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Migraines are responsible for about 1.2 million emergency room visits each year, and more than 90% of sufferers experience head pain and neurological symptoms so severe they can’t work or function.

Migraine is a genetically influenced complex disorder characterized by episodes of moderate-to-severe headache, most often unilateral and generally associated with nausea and increased sensitivity to light and sound.

Classifying headaches as primary (migraine, tension-type or cluster) or secondary can facilitate evaluation and management. A detailed headache history is very important to distinguish among the primary headache disorders.

“Red flags” for secondary disorders include sudden onset of headache, onset of headache after 50 years of age, increased frequency or severity of headache, new onset of headache with an underlying medical condition, headache with other systemic illness, focal neurologic signs or symptoms, swelling of the optic nerve, and headache after head trauma.

When you hear “migraine,” you may think of a severe headache. But migraine is more than just a headache—it is a debilitating neurological disease that comes in many forms, both with and without a headache.

What are some types of migraines?

Migraine With Aura, Migraine Without Aura, Migraine Without Head Pain, Hemiplegic Migraine, Retinal Migraine, Chronic Migraine, Abdominal Migraine, Migraine “Let Down” Headache, Ice Pick Headache (Primary Stabbing Headache), Cluster Headache, Cervicogenic Headache and status migranosus (a rare and severe type of migraine that can last longer than 72 hours).

How are headaches diagnosed?

A thorough neurologic examination will be performed, with abnormal findings warranting neuroimaging to rule out intracranial pathology. Magnetic Resonance Imaging (MRI) is more extensive than CT scanning, reveals more detail, and is necessary for imaging the posterior fossa.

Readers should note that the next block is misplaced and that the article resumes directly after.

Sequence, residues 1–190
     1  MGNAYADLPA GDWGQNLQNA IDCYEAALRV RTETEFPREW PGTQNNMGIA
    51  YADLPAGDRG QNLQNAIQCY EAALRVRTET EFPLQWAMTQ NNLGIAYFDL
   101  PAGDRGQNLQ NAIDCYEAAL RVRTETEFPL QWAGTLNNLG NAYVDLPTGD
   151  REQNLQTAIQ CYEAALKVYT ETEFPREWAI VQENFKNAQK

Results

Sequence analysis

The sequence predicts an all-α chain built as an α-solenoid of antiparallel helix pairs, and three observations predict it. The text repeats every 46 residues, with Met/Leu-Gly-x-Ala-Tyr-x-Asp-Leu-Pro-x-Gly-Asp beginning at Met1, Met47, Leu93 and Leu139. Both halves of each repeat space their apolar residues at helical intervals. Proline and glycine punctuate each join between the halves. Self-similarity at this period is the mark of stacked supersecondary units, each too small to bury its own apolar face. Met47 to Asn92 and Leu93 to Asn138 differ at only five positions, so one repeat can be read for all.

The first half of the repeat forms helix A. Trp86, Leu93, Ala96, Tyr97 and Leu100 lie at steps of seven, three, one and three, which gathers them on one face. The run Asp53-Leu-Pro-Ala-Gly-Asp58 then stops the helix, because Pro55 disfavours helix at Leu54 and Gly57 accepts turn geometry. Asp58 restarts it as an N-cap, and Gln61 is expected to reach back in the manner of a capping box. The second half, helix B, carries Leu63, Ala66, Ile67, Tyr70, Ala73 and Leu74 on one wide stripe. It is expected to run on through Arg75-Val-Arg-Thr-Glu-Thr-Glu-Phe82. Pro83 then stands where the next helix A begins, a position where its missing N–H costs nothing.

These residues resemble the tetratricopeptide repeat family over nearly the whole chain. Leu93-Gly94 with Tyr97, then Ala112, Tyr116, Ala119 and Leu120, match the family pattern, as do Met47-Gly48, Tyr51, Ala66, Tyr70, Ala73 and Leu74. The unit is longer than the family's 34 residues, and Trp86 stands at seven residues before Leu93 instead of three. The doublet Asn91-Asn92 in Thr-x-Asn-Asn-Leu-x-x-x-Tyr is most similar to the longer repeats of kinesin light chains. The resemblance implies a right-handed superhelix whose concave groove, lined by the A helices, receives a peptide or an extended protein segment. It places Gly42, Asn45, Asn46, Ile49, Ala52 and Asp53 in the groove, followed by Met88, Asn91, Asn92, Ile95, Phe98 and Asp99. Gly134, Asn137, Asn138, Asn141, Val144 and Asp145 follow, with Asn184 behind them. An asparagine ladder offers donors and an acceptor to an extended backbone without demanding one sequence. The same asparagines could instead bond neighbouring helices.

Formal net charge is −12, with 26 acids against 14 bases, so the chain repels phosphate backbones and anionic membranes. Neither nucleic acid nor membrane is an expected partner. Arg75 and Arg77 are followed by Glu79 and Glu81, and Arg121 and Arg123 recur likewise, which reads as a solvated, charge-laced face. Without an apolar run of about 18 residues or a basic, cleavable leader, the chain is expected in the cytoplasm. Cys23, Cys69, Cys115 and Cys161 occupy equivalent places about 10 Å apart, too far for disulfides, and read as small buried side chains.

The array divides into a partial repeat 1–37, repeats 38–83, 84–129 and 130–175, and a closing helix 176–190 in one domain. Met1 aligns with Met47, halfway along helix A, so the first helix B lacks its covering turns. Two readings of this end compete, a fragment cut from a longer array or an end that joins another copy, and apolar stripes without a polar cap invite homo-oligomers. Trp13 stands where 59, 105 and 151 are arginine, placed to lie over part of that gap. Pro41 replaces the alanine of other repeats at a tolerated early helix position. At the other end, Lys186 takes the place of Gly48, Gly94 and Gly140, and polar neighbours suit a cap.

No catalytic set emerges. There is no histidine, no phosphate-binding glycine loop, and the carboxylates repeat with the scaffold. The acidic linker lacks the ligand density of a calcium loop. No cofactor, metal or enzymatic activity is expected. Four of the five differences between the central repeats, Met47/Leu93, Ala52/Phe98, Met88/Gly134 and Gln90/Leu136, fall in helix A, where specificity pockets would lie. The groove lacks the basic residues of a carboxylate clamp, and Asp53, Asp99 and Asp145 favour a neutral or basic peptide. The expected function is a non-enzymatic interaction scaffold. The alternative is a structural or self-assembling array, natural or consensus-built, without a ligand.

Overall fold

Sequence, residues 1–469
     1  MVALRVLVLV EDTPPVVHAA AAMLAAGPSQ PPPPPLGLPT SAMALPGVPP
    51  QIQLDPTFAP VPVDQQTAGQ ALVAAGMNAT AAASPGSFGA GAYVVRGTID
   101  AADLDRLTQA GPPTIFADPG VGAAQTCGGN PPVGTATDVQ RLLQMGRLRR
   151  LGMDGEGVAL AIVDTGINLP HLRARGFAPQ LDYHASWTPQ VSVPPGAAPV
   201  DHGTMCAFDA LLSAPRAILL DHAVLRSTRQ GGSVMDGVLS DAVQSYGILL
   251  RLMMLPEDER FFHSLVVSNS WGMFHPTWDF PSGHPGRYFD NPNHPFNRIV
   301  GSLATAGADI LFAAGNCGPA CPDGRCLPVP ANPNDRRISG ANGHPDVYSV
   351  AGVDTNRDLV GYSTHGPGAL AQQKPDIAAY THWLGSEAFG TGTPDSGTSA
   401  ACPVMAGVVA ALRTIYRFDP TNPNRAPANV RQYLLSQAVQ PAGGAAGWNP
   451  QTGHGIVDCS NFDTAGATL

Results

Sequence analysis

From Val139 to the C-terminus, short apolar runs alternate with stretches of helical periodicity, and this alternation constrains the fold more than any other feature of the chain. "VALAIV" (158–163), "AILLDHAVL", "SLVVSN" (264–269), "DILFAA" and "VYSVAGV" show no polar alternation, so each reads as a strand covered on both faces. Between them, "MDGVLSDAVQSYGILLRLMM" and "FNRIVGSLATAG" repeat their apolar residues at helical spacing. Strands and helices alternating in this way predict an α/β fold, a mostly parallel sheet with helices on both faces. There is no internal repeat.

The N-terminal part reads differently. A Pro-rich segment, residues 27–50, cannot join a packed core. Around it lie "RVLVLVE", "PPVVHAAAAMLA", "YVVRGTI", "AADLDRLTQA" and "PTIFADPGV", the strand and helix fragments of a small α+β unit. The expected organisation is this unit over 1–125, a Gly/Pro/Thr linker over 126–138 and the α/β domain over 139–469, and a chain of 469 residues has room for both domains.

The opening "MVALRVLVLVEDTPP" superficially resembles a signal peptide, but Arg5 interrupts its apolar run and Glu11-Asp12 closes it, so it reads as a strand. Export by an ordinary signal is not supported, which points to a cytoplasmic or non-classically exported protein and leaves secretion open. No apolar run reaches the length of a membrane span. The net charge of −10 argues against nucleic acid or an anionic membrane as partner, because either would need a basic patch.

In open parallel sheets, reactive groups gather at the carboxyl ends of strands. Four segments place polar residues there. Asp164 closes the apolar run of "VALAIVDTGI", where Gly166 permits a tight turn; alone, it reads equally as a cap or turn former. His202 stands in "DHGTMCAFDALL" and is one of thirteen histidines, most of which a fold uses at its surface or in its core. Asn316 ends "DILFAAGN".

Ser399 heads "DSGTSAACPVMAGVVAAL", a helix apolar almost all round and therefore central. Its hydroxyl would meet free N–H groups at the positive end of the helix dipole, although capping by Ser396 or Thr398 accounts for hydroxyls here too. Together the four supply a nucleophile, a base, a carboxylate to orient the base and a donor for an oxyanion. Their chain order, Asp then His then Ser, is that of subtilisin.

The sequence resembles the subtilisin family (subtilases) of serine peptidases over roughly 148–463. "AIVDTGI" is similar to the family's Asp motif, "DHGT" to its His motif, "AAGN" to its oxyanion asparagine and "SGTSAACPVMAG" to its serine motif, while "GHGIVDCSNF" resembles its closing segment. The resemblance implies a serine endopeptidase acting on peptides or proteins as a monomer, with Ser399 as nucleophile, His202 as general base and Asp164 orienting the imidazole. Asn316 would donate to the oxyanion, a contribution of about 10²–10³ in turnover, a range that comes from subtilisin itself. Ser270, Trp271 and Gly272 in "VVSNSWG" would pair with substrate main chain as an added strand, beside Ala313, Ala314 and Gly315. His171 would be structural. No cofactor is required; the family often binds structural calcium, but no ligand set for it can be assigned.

A referral to a neurologist is appropriate for patients with headaches that are difficult to diagnose, or that worsen or fail to respond to management.

What treatments are available for chronic headaches?

Treatment options for migraines are mainly divided into acute and preventive medications and treatment options such as BOTOX injections, nerve blocks and trigger point injections or neuromodulating devices.  Acute medicines, taken when a migraine attack occurs to treat the symptoms. Acute medicines for migraine are taken to stop or shorten the symptoms of a migraine attack. They are taken once an attack starts, not beforehand, and should have a quick effect on the migraine attack. Preventive medicines (also known as prophylactics) for migraine are taken to prevent migraine attacks. They are taken every day and are aimed at preventing migraine attacks altogether or at least reducing their frequency and severity. If you are having at least four migraine attacks per month you may wish to discuss preventive medications.

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